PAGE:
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Fauser's late start mild stimulation IVF cycle

One of the best established practitioners of minimal stimulation is Fauser from Utrecht in the Netherlands.   His approach should best be termed a “late start mild stimulation IVF cycle". Based on his earlier basic science research, the plan behind this cycle was to utilize  less gonadotropins by waiting to start them with the objective of avoiding the natural drop in FSH that occurs mid-cycle.  He did that to cut the cost of the cycle and to theoretically improve embryo quality by using less gonadotropins and being more like a natural cycle.


With his protocol the patient waits until day 5 before starting gonadotropins and then uses an antagonist (like ganirelix) once the follicle begins to grow to avoid a premature LH surge.  Avoiding a premature LH surges is a major problem in natural cycle IVF which can damage the eggs.   If LH started to rise before the follicle was ready to respond to it, it would doom the success of the IVF cycle.  Fauser's usual gonadotropin starting dose is 150 units. Simply starting gonadotropins on day 5 instead of day 1 reduces gonadotropin use by 50%.  The aim of the ovulation induction is to produce two good follicles (as opposed to a large number as in traditional IVF).  Fauser's pregnancy rate was approximately the same as for a higher dose regimen in his program, but his cancellation rate (40%) was higher than for a higher dose regimen (25% one study).  The higher dose regimen in his program was gentler than what is commonly used in the US for IVF.  Their ongoing pregnancy rates of 16-25% is lower than the average in the US (about 35%) and the cycle cancellation rates (25%) are higher than in the US for routine IVF in good prognosis patients (about 14%).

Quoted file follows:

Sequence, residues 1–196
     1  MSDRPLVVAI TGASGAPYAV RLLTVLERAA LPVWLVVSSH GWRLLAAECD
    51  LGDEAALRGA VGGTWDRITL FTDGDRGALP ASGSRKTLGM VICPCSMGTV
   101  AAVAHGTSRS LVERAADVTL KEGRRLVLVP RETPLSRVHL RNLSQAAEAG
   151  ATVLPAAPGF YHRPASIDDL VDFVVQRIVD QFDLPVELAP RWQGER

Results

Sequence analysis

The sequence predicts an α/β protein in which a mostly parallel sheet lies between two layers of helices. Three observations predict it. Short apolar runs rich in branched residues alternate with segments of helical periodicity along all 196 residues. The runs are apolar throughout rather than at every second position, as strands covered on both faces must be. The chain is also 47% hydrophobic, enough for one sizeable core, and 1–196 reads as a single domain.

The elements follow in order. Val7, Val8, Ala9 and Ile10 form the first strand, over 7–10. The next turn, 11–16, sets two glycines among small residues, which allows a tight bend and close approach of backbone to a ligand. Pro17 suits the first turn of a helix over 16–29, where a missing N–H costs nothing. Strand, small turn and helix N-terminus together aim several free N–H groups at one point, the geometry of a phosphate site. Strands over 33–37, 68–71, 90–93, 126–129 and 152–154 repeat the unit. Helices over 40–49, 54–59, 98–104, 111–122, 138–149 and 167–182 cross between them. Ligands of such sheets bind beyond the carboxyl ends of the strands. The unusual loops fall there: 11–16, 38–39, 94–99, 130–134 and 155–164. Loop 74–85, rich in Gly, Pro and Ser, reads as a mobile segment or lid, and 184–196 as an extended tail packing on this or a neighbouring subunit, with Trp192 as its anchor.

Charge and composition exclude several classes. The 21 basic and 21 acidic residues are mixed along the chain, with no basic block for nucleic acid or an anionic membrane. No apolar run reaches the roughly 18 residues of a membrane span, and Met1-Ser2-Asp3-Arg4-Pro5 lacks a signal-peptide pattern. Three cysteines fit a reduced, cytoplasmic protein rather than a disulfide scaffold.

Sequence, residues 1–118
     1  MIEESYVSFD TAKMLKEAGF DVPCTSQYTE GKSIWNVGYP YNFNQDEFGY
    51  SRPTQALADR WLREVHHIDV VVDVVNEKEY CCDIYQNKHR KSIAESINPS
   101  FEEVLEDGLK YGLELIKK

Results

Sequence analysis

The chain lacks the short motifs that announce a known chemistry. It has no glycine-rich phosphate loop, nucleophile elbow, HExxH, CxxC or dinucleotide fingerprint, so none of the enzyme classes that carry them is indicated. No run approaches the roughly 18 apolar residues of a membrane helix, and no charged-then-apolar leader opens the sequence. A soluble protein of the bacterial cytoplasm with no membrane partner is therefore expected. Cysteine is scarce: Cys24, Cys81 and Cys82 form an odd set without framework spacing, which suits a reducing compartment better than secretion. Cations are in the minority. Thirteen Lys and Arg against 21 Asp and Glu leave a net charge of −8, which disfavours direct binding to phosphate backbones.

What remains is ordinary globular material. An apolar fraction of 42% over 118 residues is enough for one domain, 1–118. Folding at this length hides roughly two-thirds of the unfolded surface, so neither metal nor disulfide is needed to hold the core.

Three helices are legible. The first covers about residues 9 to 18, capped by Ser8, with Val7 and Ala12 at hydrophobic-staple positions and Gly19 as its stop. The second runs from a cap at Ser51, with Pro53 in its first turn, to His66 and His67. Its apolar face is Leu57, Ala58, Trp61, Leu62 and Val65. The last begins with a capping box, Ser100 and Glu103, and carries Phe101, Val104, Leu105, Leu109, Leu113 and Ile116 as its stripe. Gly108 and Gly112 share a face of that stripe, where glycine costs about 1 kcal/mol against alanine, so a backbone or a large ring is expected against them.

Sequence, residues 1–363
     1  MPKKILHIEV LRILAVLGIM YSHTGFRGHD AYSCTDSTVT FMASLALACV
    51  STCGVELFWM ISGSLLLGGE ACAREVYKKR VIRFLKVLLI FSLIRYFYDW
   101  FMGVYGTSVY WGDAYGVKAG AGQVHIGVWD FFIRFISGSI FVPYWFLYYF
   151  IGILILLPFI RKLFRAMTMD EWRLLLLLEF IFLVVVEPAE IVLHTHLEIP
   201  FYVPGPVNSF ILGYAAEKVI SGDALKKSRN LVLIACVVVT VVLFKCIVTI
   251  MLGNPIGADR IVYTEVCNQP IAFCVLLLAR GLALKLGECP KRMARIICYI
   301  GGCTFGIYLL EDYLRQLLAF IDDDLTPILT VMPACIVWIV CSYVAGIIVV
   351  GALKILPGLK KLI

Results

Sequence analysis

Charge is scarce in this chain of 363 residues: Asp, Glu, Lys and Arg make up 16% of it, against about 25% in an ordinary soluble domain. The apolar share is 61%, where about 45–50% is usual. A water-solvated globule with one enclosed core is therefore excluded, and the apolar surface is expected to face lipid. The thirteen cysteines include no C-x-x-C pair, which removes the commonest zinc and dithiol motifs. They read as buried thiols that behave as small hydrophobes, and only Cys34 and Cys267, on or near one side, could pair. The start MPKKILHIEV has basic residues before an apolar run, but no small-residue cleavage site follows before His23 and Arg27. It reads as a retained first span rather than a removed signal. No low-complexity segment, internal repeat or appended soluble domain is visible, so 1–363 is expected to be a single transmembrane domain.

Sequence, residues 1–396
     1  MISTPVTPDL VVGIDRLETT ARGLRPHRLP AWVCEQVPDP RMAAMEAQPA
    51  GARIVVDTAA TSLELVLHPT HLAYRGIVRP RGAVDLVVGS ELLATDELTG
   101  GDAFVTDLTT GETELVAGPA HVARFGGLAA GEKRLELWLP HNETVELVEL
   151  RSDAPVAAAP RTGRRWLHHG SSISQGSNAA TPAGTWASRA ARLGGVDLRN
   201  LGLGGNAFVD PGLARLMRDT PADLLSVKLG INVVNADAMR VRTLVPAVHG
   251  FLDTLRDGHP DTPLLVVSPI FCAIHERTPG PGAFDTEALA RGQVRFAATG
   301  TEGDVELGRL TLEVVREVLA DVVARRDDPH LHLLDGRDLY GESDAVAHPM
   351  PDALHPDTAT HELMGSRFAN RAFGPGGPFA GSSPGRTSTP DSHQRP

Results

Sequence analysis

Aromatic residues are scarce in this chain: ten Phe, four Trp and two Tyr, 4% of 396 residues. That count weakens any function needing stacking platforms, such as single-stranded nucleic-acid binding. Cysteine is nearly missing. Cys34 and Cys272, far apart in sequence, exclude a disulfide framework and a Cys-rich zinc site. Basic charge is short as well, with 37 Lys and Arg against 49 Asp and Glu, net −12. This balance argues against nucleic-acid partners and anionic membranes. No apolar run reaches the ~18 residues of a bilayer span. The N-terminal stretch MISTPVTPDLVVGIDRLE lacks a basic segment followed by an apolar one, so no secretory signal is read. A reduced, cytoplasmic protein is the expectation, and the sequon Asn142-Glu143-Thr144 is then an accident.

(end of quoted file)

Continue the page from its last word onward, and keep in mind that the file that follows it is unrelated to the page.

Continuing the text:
One study by the Fauser group is especially worth discussing.  In this 2007 study, the objective was to look at how the stimulation protocol affected chromosomal abnormality.  He compared good prognosis patients undergoing his late start mild stimulation protocol to a higher dose protocol.  The high dose regimen used mid-luteal suppression with Lupron and a starting dose of 225 units day (not very high).  Patients were randomized to high dose or mild dose stimulations.  On day three after fertilization, all embryos were biopsied and PGD for 10 chromosomes was performed.  More eggs and embryos were obtained with the higher dose regimen, but the number of normal embryos was the same in each treatment group.  Fauser speculated that the increased percentage rate of abnormalities with the high dose group was caused by the higher gonadotropin stimulation levels.  If confirmed, this is an important observation.  However, other logical explanations could be that higher dose gonadotropins only rescues and develops abnormal embryos or that the increased cancellation rate in the minimal stimulation cycles created a selection bias for embryos to provide this result. 

If this Fauser observation of decreased aneuploidy with mild stimulations is correct, it is a benefit that is present in all types of these lower stimulation IVF cycles.